Testing Psychotropic Drugs in Children
April 30, 2002
David Healy, MD
University of Wales College of Medicine
April 30th 2002.
The background against which this paper is prepared is that in 1997 I organized, chaired and wrote up the recommendations from an International Roundtable Meeting for the British Association for Psychopharmacology on the use of psychotropic drugs in children. This meeting involving senior regulators from the United States and Europe as well as professors of child psychiatry from a number of European countries, North America and the UK. My concern in promoting this meeting was to ensure that children who could benefit from psychotropic drug treatment would be enabled to gain access to treatment. Only six years ago the climate in the United Kingdom was such that children were at a real risk of not getting effective drug treatment for nervous problems.
The reason for this failure to use psychotropic drugs to treat some children that might have benefited had nothing however to do with a lack of studies on these drugs in children. The proceedings of the meeting make it clear that there is in principle no need for any drug studies in children for either anti-psychotics, antidepressants or for treatments for OCD for example (1). Research conducted in children or adolescents with such conditions will in fact only produce a situation in which companies gain a license to vigorously promote their treatments for these conditions.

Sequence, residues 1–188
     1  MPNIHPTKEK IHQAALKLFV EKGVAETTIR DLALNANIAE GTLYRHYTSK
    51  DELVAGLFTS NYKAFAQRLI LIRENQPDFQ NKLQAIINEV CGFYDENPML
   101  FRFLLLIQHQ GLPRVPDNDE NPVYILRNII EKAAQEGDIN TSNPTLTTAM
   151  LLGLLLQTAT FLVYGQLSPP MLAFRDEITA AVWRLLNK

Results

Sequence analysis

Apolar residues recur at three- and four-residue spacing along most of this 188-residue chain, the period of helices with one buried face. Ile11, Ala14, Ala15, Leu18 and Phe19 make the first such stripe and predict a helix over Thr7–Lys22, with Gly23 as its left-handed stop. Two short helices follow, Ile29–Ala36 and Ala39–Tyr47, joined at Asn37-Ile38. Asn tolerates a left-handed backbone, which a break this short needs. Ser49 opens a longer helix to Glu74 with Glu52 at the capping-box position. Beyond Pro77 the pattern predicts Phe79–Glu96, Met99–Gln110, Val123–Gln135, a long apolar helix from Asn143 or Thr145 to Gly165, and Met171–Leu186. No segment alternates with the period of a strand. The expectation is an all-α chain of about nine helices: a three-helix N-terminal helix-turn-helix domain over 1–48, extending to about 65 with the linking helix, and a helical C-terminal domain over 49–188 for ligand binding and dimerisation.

Treating children for conditions also present in adults proceeds normally on the basis of studies undertaken with adults. There are only two things that clinicians could conceivably learn from studies undertaken in children of drugs already licensed for adults. First, they might learn that paradoxically a treatment, which works in adults doesn’t work in children. Second, they might learn that there are particular toxicities in children that need to be factored in to any risk benefit assessment as regards treatment in children.